Improving gender equality: 5 ways tax could help – key takeaways from the 2023 OECD Report

Published Date
May 31, 2023
The recent OECD report “Joining Forces for Gender Equality: What is Holding us Back?” (the OECD report) considered international progress on gender equality in a wide-array of policy areas from education and employment to trade and energy. Nestled amongst the 33 chapters was one on “tax systems and gender” which considered the role tax policy can play in promoting gender equality and included a number of recommendations for policymakers in this area.

The Tax Policy and Gender Equality: A Stocktake of Country Approaches report by the OECD (2022) (the OECD stocktake) noted that “research shows that improving gender equality and reducing gender-based discrimination can generate substantial economic benefits, by increasing the stock of human capital, making labour and product markets more competitive, and increasing productivity”. So, it is clear that action needs to be taken, but how does the OECD report suggest that tax policy can help? 

1. Removing explicit biases in the tax system that exacerbate gender bias

Explicit bias in tax systems can occur where tax provisions are expressly linked to gender, such as tax credits that are only available to men. Whilst the OECD stocktake indicated that explicit bias is rare, it does still exist (in seven of the 43 countries surveyed, although some of these involved tax benefits targeted at women). The most obvious step that policymakers can take to promote gender equality is to eradicate tax provisions that worsen gender biases. And even for those measures that are ostensibly for the benefit of women, these should be evaluated to ensure they do not act as a barrier for women (for instance if a tax credit targeted at mothers is taken away when she starts earning or earning over a certain amount, this may act as a disincentive to return to the workforce or to seek career progression).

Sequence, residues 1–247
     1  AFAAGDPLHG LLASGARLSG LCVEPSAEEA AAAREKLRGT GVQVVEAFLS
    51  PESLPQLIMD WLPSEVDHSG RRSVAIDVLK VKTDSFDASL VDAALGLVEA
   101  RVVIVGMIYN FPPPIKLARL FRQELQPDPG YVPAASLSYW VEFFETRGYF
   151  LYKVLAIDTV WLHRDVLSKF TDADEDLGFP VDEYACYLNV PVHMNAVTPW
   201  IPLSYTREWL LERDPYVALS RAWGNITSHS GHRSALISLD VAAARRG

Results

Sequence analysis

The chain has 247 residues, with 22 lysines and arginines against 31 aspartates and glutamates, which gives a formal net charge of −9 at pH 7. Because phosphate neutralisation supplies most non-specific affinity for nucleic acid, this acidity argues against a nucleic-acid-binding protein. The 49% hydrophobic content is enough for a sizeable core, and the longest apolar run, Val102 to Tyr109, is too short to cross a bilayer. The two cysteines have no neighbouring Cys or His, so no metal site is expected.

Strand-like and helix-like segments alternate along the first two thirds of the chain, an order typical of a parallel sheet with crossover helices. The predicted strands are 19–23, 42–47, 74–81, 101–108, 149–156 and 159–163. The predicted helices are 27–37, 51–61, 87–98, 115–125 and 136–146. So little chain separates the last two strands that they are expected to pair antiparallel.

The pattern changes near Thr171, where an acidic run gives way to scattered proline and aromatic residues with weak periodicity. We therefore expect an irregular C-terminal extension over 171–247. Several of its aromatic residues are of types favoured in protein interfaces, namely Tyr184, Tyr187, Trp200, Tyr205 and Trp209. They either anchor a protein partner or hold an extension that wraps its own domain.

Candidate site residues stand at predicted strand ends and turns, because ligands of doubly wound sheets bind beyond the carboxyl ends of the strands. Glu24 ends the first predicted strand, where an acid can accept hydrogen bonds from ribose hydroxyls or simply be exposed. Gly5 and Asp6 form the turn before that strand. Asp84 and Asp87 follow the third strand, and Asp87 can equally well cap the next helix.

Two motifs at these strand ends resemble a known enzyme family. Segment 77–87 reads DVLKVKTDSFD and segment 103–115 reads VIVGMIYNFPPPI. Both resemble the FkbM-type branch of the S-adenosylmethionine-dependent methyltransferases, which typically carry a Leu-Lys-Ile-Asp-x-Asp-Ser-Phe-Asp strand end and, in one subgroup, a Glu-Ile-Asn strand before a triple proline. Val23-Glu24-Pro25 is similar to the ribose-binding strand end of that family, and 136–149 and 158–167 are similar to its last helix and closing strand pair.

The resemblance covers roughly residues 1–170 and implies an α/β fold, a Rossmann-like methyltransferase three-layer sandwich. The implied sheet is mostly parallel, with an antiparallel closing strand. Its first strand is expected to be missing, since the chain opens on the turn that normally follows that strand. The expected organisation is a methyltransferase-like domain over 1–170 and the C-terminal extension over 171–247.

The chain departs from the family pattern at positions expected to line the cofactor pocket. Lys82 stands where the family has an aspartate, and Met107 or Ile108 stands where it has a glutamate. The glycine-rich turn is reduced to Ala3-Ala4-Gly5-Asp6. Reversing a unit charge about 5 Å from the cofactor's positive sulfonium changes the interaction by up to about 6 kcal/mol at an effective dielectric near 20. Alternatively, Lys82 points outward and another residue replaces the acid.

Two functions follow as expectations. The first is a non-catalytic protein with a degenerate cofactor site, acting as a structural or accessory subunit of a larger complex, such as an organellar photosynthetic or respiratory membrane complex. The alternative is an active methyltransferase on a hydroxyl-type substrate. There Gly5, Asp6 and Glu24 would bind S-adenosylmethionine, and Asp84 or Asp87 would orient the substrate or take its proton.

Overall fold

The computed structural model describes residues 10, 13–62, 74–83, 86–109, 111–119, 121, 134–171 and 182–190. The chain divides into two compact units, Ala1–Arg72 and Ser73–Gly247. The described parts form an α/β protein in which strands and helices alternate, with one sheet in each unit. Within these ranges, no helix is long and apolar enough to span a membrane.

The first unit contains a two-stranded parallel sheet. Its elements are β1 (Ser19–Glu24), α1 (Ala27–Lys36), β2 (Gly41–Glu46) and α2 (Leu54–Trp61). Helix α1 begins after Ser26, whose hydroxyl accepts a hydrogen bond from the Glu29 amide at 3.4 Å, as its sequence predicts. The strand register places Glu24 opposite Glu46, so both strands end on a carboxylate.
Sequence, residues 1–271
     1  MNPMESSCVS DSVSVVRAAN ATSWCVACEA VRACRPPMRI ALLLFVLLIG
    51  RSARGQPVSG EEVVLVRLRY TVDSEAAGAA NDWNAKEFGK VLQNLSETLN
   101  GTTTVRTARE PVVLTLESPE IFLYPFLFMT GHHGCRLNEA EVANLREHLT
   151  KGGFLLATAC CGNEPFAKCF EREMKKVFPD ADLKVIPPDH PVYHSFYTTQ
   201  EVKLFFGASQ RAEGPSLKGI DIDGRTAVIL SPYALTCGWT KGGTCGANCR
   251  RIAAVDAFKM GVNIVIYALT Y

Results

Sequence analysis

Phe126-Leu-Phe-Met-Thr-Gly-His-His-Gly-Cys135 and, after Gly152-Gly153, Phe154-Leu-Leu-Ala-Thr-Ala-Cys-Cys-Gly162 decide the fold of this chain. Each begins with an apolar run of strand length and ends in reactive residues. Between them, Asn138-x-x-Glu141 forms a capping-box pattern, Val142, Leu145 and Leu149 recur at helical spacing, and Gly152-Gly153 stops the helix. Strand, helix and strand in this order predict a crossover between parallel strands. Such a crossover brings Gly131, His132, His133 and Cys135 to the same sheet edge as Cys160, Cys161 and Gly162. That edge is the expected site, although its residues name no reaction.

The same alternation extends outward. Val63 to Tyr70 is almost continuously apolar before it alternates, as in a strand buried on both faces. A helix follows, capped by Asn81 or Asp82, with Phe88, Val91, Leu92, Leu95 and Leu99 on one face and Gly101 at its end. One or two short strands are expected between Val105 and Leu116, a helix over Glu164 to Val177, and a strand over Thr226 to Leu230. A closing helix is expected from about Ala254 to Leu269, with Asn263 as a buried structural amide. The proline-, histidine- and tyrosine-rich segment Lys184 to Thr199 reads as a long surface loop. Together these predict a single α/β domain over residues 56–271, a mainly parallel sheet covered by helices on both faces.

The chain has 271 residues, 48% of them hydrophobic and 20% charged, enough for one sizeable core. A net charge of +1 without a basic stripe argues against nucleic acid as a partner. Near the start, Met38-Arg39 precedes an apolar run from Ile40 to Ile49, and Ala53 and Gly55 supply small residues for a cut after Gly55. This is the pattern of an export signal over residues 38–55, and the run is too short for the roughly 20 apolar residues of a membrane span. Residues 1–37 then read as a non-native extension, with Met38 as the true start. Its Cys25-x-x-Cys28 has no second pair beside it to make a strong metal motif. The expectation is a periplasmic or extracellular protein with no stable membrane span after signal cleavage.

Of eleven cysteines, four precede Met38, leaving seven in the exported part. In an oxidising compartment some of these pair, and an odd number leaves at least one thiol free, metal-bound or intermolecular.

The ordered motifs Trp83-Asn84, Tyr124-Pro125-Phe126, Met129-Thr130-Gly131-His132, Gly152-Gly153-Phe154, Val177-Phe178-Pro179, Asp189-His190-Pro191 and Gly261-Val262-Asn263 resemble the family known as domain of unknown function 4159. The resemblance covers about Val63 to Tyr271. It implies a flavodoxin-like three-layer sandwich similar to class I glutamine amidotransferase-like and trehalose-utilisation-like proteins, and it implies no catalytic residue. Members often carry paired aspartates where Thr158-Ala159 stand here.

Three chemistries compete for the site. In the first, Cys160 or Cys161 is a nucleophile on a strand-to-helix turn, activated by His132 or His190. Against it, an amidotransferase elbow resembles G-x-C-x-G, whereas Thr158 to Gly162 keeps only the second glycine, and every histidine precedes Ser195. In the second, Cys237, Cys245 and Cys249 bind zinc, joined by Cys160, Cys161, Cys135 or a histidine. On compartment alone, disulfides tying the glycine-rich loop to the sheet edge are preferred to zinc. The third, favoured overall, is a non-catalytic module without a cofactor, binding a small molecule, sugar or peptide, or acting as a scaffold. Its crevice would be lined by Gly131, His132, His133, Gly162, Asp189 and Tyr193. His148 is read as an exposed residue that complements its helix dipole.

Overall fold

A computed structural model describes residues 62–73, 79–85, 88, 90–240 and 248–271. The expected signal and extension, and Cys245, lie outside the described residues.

2. Tackling the implicit bias in tax systems that may appear gender neutral

Implicit biases in the tax system can arise when a tax rule that makes no mention of gender has a disproportionate impact on one gender as a result of differences between women and men in terms of their underlying economic characteristics or behaviours. For instance, women are more likely to work part-time and/or be the second earner in the household– so tax measures that impact people with these characteristics are likely to have a greater impact on women.

Implicit biases are, of course, harder to identify, although there are some well-known examples. One is the joint taxation of personal income. This is where a tax system looks at combined household income, rather than taxing each individual separately. This can have the effect that the second earner pays a higher rate of tax on their income. The OECD report notes that (i) women make up more than three-quarters of second earners in almost all OECD countries and (ii) net personal average tax rates for second earners are higher than for single earners with the same earnings in most OECD countries. Interestingly, several of the countries surveyed for the OECD report acknowledged that shifting to individual taxation had had a positive impact on the female labour supply and enhancing equality. However, with 15 countries (out of 43) still referencing the household unit in some way, there is still work to be done.

Tax systems can also discourage part-time workers from moving to full-time work (what the OECD report refers to as “the part-time trap”). For instance, progressive tax rates and a loss of tax credits can mean it doesn’t make financial sense to transition from part-time to full-time work - a problem which can be even worse for families, where there might additionally be a loss of child benefits and extra childcare costs to factor in.